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The Creevey Papers
Thomas Creevey to Elizabeth Ord, 28 March 1831

Vol. I. Contents
Ch. I: 1793-1804
Ch. II: 1805
Ch. III: 1805
Ch. IV: 1806-08
Ch. V: 1809
Ch. VI: 1810
Ch. VII: 1811
Ch. VIII: 1812
Ch. IX: 1813-14
Ch X: 1814-15
Ch XI: 1815-16
Ch XII: 1817-18
Ch XIII: 1819-20
Vol. II. Contents
Ch I: 1821
Ch. II: 1822
Ch. III: 1823-24
Ch. IV: 1825-26
Ch. V: 1827
Ch. VI: 1827-28
Ch. VII: 1828
Ch. VIII: 1829
Ch. IX: 1830-31
Ch. X: 1832-33
Ch. XI: 1833
Ch. XII: 1834
Ch XIII: 1835-36
Ch XIV: 1837-38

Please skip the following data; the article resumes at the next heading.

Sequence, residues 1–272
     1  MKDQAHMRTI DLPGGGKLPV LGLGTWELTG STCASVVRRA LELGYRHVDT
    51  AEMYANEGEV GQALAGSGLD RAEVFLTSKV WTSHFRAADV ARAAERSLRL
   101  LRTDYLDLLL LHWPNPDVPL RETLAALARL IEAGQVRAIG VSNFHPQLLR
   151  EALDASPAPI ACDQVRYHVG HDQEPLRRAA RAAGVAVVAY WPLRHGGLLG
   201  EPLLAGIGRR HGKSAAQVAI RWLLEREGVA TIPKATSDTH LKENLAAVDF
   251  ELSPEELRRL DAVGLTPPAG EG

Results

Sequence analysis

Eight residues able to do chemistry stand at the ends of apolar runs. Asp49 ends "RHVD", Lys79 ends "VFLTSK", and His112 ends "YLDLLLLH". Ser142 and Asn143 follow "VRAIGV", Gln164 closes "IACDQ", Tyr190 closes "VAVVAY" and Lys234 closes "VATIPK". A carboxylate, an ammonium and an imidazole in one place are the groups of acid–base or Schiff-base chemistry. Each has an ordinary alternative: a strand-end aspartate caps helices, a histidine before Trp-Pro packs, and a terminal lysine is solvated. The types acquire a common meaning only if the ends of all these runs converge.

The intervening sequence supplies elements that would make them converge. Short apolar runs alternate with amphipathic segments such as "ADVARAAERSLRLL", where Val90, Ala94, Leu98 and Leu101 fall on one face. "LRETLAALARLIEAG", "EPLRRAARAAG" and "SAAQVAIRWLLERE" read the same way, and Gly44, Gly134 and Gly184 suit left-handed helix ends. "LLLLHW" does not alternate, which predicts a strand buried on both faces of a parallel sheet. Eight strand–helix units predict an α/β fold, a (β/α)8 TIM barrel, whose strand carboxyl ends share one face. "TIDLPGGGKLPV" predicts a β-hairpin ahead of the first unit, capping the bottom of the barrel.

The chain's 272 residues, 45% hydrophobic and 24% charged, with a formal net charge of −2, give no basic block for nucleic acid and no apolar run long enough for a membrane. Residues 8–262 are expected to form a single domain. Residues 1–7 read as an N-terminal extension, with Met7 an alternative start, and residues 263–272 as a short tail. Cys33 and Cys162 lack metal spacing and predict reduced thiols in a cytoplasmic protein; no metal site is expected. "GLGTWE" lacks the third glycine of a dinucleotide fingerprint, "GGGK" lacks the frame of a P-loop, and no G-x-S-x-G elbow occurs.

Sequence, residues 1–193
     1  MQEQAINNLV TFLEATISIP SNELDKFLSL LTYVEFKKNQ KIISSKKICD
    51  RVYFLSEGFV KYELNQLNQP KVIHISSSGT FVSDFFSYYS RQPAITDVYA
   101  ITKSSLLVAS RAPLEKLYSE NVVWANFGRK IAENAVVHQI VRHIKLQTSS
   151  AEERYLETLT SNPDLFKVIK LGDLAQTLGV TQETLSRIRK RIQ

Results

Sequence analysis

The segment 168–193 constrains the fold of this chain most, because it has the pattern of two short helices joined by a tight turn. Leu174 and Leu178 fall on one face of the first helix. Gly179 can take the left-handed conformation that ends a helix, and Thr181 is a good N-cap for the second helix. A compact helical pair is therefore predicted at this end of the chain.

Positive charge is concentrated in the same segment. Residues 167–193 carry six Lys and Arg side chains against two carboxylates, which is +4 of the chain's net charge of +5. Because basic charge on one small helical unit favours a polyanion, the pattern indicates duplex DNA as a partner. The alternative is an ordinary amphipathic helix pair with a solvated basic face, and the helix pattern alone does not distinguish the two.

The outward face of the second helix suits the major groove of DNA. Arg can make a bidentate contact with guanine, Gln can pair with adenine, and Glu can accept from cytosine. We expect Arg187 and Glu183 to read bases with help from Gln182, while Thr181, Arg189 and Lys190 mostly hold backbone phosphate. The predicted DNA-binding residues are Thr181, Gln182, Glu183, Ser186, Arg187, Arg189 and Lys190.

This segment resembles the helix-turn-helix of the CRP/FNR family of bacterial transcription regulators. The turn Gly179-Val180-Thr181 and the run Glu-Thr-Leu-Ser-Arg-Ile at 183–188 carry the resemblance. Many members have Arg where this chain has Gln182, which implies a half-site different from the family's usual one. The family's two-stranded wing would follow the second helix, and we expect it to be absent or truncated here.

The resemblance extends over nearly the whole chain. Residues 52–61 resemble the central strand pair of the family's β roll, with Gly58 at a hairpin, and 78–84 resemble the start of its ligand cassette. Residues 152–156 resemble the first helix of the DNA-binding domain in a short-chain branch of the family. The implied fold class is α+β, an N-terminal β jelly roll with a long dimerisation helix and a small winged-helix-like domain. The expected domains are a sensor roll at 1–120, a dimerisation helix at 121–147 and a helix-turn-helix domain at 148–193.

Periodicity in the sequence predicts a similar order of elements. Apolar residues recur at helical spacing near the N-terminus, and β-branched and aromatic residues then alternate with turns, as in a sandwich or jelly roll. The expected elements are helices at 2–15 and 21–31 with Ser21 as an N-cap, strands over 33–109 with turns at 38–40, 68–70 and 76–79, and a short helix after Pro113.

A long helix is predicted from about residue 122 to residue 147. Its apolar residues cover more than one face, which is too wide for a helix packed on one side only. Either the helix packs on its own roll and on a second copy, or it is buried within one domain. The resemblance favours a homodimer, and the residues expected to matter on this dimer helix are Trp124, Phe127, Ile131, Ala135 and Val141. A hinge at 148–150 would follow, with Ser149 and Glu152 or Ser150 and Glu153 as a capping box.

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“. . . Our dinner at Sefton’s yesterday was very agreeable—the Cowpers, Edward and Mrs. Stanley, Duke of Argyll, Melbourne, Palmerston, Foley, Alava, Charles Greville and myself. Alava and I were there ten minutes before anybody else, and he was very instructive about France, where he has been living for the last 5 years. As he says of himself, he naturally hates a Frenchman, but he has the greatest opinion of Casimir. . . . When little Derby was going to kneel upon being sworn a Privy Councillor, the King said:—‘I beg you won’t kneel, Lord Derby; you have the gout.’—‘Your Majesty must allow me.’—‘I won’t hear of it!’ and he would not let him. Then he said:—‘How long have you been Lord Lieutenant of Lancashire, my lord?’ and when he told him, the King said:—‘I have often heard my father say you was the best Lord Lieutenant in England, and so you are now!’”